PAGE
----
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“Do as I say, not as I do.” This is a phrase, I would wager, that most of us have thought or said at some stage or another. We realise that we often do not live up to our ideals, whether they be moral, physical or otherwise.

Part of being human is falling short. We know this, and the truth of the statement should temper our expectations of others. Having said that, one of the fruits of the Spirit is self-control.

In Christ, believers are freed from the penalty (punishment) for their sin. They are freed from the power of their sin, and they are looking forward to the day when they will also be freed from the presence of their sin in heaven.

Whereas, when we were unbelievers, we were dead in our trespasses and sins, and enslaved to our passions and desires, in Christ we are made alive—free to serve God in righteousness.

Recently, at an evening service, we prayed that God would help us to be more aware of discipleship by example. We prayed that we would not be hypocritical in our lifestyle and undermine the message we preach with the incongruous actions we practice.

As I was reading Deepak Reju’s book on children’s ministry—Building on Jesus—I came across this statement: “To a child, watching a Christian adult is like watching the gospel turn into a movie—kids see Christianity in action in all kinds of ways.”

If you are anything like me, you may have wondered why God chose to send Jesus at the time in history that he did, rather than in a time like today where the message of the gospel might have travelled far more quickly. Or perhaps you have been labouring to read Scripture in your time of devotion, and wondering why God didn’t make a movie instead of revealing himself through the written word.

As I read that quote by Reju, I was struck by the thought that perhaps the reason that God didn’t give us a movie is because he intended his followers to live out the gospel, to live out the truth in a live action drama. God intends us, his people to be the movie!

Indeed, Scripture suggests the same idea when it speaks of the church in terms of a body, and the members as body parts. In other words, the church and her members give hands and feet to the truth of the word!

Discipleship happens all over the place in a healthy church. Parenting demonstrates the discipleship dynamic in the most obvious way and serves as a sort of microcosm by which discipleship can be analysed and examined, but discipleship by example applies to any sort of interpersonal interaction.

What is discipleship by example, exactly?

Discipleship by example is not a call to live a perfect life. The chances of that happening are quite slim. Among other inscrutable things, God uses our own sin and temptation to remind us of our need for him, and to demonstrate his grace. Christians who pretend to live lives of moral perfection are a part of the problem. They speak as if the struggle against temptation is no factor in their lives, but their actions show that it really is, and thus they anger and frustrate those who are watching the movie of their lives by claiming one thing and living another.

Discipleship by example is quite simply a conscious realisation that teaching and discipleship are primarily learnt by example and secondarily explained or formalised with words.

To use a parenting example I have read somewhere, when your child carelessly gesticulates and breaks your best ornament, the lesson they are learning from their mother in that moment is more of how a Christian responds to someone who has wronged them and caused them to suffer harm, than that they should be more careful with their arms.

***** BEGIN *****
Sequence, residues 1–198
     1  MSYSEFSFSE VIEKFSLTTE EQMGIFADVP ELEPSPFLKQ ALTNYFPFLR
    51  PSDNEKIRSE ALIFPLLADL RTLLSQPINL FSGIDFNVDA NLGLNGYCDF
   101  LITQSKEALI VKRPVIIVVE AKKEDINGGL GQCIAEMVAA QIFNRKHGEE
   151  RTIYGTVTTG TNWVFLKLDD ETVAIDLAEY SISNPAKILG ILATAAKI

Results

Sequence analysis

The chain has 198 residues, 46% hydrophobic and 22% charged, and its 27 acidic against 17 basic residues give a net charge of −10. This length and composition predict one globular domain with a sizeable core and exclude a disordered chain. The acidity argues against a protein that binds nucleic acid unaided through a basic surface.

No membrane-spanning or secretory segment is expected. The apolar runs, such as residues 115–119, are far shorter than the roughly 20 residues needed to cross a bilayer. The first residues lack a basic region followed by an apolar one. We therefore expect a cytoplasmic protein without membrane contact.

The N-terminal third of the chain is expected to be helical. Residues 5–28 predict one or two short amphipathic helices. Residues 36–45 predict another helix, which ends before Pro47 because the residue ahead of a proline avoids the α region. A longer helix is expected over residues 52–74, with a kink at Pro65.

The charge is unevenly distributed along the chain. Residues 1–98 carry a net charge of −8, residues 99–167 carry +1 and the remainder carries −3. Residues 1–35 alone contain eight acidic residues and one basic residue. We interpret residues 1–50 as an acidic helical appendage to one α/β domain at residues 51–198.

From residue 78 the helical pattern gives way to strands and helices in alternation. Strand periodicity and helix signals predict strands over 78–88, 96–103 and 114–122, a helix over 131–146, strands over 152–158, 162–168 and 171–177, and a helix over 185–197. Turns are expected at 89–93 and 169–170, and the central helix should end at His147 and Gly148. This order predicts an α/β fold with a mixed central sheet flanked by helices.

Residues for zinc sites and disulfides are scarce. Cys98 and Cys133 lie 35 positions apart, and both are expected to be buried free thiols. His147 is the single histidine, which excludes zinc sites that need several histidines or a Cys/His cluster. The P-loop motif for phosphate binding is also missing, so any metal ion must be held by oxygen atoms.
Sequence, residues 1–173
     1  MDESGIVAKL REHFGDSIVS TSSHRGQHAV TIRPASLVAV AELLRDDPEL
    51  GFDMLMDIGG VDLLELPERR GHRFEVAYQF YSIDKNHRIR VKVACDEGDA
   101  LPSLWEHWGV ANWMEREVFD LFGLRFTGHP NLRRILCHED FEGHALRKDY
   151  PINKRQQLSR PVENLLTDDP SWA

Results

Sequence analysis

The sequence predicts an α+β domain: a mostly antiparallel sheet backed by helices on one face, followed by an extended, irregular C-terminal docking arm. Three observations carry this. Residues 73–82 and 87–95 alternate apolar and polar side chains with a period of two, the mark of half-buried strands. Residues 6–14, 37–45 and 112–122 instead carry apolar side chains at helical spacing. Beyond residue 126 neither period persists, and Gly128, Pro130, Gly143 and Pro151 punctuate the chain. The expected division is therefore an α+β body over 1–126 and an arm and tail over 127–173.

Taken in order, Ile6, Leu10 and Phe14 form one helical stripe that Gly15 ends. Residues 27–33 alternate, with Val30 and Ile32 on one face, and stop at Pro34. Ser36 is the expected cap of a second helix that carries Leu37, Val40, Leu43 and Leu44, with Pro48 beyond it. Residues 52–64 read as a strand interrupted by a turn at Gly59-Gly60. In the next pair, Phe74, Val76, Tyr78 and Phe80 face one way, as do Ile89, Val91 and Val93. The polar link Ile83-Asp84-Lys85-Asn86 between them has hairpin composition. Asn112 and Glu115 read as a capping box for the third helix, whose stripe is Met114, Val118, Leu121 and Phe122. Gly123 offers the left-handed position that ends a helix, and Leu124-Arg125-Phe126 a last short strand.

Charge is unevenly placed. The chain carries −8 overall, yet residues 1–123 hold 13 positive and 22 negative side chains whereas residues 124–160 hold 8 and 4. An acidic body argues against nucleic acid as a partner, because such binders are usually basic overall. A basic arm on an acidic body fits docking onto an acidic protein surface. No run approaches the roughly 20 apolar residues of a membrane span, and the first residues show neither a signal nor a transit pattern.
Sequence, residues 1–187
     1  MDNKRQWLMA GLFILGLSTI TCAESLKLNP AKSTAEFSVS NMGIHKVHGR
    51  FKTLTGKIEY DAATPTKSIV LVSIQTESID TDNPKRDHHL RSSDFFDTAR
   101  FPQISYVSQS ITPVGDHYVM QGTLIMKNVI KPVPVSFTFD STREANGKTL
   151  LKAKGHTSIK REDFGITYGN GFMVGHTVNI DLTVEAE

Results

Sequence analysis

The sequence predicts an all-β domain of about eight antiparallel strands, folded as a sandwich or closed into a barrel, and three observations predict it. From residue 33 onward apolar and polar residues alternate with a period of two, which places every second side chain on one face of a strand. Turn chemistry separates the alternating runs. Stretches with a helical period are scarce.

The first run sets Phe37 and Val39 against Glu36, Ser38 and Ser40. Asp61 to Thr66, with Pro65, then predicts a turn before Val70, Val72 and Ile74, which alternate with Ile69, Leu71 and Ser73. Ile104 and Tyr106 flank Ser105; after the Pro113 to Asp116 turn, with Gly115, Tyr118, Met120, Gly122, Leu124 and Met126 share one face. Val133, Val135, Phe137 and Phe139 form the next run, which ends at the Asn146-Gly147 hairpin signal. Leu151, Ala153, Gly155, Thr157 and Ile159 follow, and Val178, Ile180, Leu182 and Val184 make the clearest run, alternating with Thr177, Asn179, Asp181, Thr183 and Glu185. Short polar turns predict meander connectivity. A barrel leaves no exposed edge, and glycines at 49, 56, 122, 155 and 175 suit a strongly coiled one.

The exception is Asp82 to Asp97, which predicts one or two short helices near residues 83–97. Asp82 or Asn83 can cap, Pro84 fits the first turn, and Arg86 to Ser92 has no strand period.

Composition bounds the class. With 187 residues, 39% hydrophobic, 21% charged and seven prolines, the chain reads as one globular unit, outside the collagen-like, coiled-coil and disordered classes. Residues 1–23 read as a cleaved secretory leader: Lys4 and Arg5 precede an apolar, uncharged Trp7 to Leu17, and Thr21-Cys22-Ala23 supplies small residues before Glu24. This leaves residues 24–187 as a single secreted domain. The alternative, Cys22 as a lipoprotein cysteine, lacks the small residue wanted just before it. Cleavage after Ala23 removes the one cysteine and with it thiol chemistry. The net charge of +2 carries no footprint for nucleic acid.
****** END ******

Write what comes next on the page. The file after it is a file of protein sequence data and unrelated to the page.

This discipleship by example concept may seem like a tough reality, because of the ongoing struggle with sin that we all face. But discipleship by example means that those who watch our lives are learning more through how we respond to our own sin and failure than they are by our speaking about holiness.

Confession and repentance lived out are far more powerful than simply speaking about them. On the other hand, words about confession and repentance lose all their meaning if we keep refusing to confess and repent of our sins against our neighbours.

The temptation in conversations like this is always to pit words against actions. That is far from my intention. To return to a parenting example: We are told raise children in the discipline and instruction of the Lord (Ephesians 6:4). This calls for both words and actions. So the encouragement is not to abandon words in favour of actions, but rather to remind us that actions often speak louder than words, and that words can easily be smothered by actions which contradict those words. On the flip side, words backed up by actions, or actions explained by words (1 Peter 3:15) are more powerful than any Christian book by some famous author.

How are your actions contradicting your words? What are those watching the movie of your life learning about your love for the Scriptures? What are they learning about your faith in the power of prayer? What are they learning about the value you place on actually gathering with the saints? Your need of the Lord’s Supper? Your love and respect for your spouse? Or your belief in the all-wise sovereignty of God?

“Be imitators of me, as I am of Christ,” Paul told the Corinthian church. This should be the backbone of our discipleship too.

In summary, the gospel has both and audio and video components. As you live your life, may your life movie play in sync with the gospel soundtrack to the glory of God.

Anton Beetge - 2 September 2022

Gospel Motion Pictures

BBC Shorts

The gospel has both and audio and video components. As you live your life, may your life movie play in sync with the gospel soundtrack to the glory of God.

From Series: "BBC Shorts"

Occasional pastoral thoughts from the elders of Brackenhurst Baptist Church.

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